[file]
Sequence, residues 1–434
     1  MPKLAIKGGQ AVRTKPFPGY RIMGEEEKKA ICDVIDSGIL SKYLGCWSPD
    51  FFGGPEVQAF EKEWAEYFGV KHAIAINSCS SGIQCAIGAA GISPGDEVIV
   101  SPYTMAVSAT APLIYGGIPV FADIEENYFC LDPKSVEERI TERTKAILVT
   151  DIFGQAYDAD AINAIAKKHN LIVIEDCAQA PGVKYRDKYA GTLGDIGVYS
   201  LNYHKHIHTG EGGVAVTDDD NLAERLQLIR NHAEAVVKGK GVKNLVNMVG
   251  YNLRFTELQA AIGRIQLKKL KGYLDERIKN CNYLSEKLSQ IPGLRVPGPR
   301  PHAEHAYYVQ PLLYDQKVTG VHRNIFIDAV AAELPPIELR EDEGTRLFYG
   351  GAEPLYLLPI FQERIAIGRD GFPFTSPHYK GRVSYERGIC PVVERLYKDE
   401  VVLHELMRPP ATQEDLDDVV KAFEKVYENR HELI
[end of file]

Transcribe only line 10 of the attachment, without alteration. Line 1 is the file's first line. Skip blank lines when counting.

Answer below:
   401  VVLHELMRPP ATQEDLDDVV KAFEKVYENR HELI